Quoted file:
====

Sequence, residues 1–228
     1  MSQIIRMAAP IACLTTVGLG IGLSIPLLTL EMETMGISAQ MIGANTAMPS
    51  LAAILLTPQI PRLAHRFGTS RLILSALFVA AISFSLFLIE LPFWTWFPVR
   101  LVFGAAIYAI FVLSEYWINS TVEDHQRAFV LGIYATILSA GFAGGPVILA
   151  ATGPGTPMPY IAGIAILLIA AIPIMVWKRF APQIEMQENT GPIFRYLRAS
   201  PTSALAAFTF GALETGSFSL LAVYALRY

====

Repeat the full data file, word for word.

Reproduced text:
Sequence, residues 1–228
     1  MSQIIRMAAP IACLTTVGLG IGLSIPLLTL EMETMGISAQ MIGANTAMPS
    51  LAAILLTPQI PRLAHRFGTS RLILSALFVA AISFSLFLIE LPFWTWFPVR
   101  LVFGAAIYAI FVLSEYWINS TVEDHQRAFV LGIYATILSA GFAGGPVILA
   151  ATGPGTPMPY IAGIAILLIA AIPIMVWKRF APQIEMQENT GPIFRYLRAS
   201  PTSALAAFTF GALETGSFSL LAVYALRY